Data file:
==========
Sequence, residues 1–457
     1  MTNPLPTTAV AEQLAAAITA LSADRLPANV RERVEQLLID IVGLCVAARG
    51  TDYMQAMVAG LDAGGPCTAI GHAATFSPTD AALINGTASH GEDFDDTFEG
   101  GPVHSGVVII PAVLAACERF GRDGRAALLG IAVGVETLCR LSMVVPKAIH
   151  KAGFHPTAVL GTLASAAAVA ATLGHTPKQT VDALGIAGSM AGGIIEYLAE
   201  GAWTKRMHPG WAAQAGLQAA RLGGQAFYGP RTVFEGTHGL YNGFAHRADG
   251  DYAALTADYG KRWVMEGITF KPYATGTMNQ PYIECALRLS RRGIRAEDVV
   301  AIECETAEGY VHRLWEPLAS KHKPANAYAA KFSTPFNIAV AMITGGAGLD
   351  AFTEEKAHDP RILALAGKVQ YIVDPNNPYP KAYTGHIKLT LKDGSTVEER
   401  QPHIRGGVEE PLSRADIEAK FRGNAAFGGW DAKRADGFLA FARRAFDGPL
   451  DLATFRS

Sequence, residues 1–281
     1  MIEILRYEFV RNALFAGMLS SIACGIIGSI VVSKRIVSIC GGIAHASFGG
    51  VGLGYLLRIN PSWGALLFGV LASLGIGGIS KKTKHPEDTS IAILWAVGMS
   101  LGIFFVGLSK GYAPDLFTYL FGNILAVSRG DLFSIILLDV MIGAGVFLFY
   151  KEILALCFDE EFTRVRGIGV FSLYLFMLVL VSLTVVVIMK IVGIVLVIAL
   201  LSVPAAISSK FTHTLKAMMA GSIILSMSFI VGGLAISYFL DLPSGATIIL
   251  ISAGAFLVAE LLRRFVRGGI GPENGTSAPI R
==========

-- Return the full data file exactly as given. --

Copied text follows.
Sequence, residues 1–457
     1  MTNPLPTTAV AEQLAAAITA LSADRLPANV RERVEQLLID IVGLCVAARG
    51  TDYMQAMVAG LDAGGPCTAI GHAATFSPTD AALINGTASH GEDFDDTFEG
   101  GPVHSGVVII PAVLAACERF GRDGRAALLG IAVGVETLCR LSMVVPKAIH
   151  KAGFHPTAVL GTLASAAAVA ATLGHTPKQT VDALGIAGSM AGGIIEYLAE
   201  GAWTKRMHPG WAAQAGLQAA RLGGQAFYGP RTVFEGTHGL YNGFAHRADG
   251  DYAALTADYG KRWVMEGITF KPYATGTMNQ PYIECALRLS RRGIRAEDVV
   301  AIECETAEGY VHRLWEPLAS KHKPANAYAA KFSTPFNIAV AMITGGAGLD
   351  AFTEEKAHDP RILALAGKVQ YIVDPNNPYP KAYTGHIKLT LKDGSTVEER
   401  QPHIRGGVEE PLSRADIEAK FRGNAAFGGW DAKRADGFLA FARRAFDGPL
   451  DLATFRS

Sequence, residues 1–281
     1  MIEILRYEFV RNALFAGMLS SIACGIIGSI VVSKRIVSIC GGIAHASFGG
    51  VGLGYLLRIN PSWGALLFGV LASLGIGGIS KKTKHPEDTS IAILWAVGMS
   101  LGIFFVGLSK GYAPDLFTYL FGNILAVSRG DLFSIILLDV MIGAGVFLFY
   151  KEILALCFDE EFTRVRGIGV FSLYLFMLVL VSLTVVVIMK IVGIVLVIAL
   201  LSVPAAISSK FTHTLKAMMA GSIILSMSFI VGGLAISYFL DLPSGATIIL
   251  ISAGAFLVAE LLRRFVRGGI GPENGTSAPI R